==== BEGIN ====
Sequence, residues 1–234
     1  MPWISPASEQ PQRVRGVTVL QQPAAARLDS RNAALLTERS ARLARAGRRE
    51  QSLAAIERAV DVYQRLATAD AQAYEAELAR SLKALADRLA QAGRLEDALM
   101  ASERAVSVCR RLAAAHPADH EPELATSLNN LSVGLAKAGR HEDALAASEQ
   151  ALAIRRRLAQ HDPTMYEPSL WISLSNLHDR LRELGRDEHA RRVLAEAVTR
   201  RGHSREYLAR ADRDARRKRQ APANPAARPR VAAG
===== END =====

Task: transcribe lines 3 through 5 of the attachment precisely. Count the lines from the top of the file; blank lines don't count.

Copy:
    51  QSLAAIERAV DVYQRLATAD AQAYEAELAR SLKALADRLA QAGRLEDALM
   101  ASERAVSVCR RLAAAHPADH EPELATSLNN LSVGLAKAGR HEDALAASEQ
   151  ALAIRRRLAQ HDPTMYEPSL WISLSNLHDR LRELGRDEHA RRVLAEAVTR